5.9 Third Law of Thermodynamics 157

5.10 Production of Entropy 157

5.11 Heat and Work: A Microscopic View 159

5.12 Order and Uncertainty 161

Further Reading 162

Summary 162

Problems 163

6 The Second Law of Thermodynamics 168

6.1 The Postulates of Classical Thermodynamics 168

6.2 Thermal Equilibrium and Temperature 169

6.3 Mechanical Equilibrium and Pressure 171

6.4 Gibbs Equation 173

6.5 Entropy Changes in Solids and Liquids 174

6.6 Entropy Changes in Ideal Gases 175

6.6.1 Constant Specific Heats 175

6.6.2 Ideal Gas Tables 177

6.7 Isentropic Processes in Ideal Gases 180

6.7.1 Constant Specific Heats 180

6.7.2 Ideal Gas Tables 183

6.8 Reversible Heat Transfer 185

6.9 T?]S Diagrams 187

6.10 Entropy Balance for a Control Mass 187

6.11 Entropy Balance for a Control Volume 190

6.12 Isentropic Steady Flow Devices 192

6.13 Isentropic Efficiencies 194

6.13.1 Isentropic Turbine Efficiency 194

6.13.2 Isentropic Nozzle Efficiency 195

6.13.3 Isentropic Pump and Compressor Efficiency 196

6.14 Exergy 198

6.14.1 Exergy of a Control Mass 199

6.14.2 Exergy of a Control Volume 201

6.15 Bernoulli’s Equation 204

Further Reading 206

Summary 206

Problems 210

7 Phase Equilibrium 218

7.1 Liquid Vapour Mixtures 218

7.2 Phase Change 219

7.3 Gibbs Energy and Chemical Potential 221

7.4 Phase Equilibrium 223

7.5 Evaluating the Chemical Potential 225

7.6 Clausius–Clapyeron Equation 225

7.7 Liquid–Solid and Vapour–Solid Equilibria 229

7.8 Phase Change on P?]v and T?]v Diagrams 231

7.9 Quality 234

7.10 Property Tables 235

7.11 Van der Waals Equation of State 247

7.12 Compressibility Factor 251

7.13 Other Equations of State 252

7.13.1 Redlich–Kwong Equation of State 252

7.13.2 Virial Equation of State 253

Further Reading 255

Summary 255

Problems 257

8 Ideal Heat Engines and Refrigerators 267

8.1 Heat Engines 267

8.2 Perpetual Motion Machines 268

8.3 Carnot Engine 269

8.3.1 Two?]Phase Carnot Engine 273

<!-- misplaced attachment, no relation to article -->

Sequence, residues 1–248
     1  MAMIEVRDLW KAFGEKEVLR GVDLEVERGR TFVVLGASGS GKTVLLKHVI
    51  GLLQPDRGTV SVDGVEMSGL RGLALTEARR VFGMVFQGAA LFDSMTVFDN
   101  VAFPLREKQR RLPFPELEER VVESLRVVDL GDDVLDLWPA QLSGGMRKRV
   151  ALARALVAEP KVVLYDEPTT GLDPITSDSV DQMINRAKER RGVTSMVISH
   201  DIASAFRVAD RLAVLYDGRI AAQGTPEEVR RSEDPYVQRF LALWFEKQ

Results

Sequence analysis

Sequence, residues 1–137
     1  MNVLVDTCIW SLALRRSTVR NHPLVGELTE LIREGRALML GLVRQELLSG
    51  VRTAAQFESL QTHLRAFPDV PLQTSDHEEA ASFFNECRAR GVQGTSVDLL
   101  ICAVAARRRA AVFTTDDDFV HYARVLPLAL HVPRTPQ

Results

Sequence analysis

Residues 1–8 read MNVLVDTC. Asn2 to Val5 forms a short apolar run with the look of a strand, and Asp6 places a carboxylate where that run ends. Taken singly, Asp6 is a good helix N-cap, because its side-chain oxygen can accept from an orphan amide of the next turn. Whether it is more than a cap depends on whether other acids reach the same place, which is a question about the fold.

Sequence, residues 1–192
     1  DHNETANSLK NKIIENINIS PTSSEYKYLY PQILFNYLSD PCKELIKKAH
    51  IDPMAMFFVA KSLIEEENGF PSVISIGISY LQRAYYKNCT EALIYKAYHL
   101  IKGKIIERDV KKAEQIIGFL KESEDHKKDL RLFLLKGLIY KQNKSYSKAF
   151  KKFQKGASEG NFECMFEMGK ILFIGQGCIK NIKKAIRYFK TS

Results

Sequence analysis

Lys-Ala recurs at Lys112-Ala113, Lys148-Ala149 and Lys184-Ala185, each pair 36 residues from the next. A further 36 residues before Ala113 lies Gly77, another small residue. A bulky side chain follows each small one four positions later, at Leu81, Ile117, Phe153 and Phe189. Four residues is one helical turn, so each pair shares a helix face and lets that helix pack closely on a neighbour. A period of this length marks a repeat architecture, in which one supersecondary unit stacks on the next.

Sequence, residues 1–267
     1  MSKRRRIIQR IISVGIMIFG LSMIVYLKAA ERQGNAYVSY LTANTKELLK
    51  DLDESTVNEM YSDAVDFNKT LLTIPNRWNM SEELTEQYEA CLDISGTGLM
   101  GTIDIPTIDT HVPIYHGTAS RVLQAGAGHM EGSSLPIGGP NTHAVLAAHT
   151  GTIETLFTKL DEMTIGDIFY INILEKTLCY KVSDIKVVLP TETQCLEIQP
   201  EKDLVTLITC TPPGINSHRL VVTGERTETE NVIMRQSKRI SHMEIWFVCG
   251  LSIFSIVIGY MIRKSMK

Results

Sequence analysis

8.3.2 Single Phase Carnot Engine 276

8.4 Refrigerators and Heat Pumps 278

8.4.1 Carnot Refrigerator 279

8.4.2 Carnot Heat Pump 283

8.5 Carnot Principles 285

Further Reading 288

Summary 288

Problems 289

9 Vapour Power and Refrigeration Cycles 294

9.1 Rankine Cycle 294

9.2 Rankine Cycle with Superheat and Reheat 299

9.3 Rankine Cycle with Regeneration 305

9.3.1 Open Feedwater Heater 305

9.3.2 Closed Feedwater Heater 310

9.4 Vapour Refrigeration Cycle 312

Further Reading 316

Summary 316

Problems 318

10 Gas Power Cycles 324

10.1 Internal Combustion Engines 324

10.2 Otto Cycle 325

10.3 Diesel Cycle 331

10.4 Gas Turbines 334

10.5 Brayton Cycle 336

10.6 Brayton Cycle with Regeneration, Reheat and Intercooling 340

10.6.1 Regeneration 340

10.6.2 Reheat 342

10.6.3 Intercooling 344

Further Reading 345

Summary 345

Problems 346

Appendices 351

Appendix 1: Properties of Gases 351

Appendix 2: Properties of Solids 352

Appendix 3: Properties of Liquids 353

Appendix 4: Specific Heats of Gases 354

Appendix 5: Polynomial Relations for Ideal Gas Specific Heat as a Function of Temperature 355

Appendix 6: Critical Properties of Fluids 356

Appendix 7: Ideal Gas Tables for Air 357

Appendix 8: Properties of Water 360

Appendix 9: Properties of R?]134a 373

Appendix 10: Generalised Compressibility 379

Index 381

See More

Related Titles

Back to Top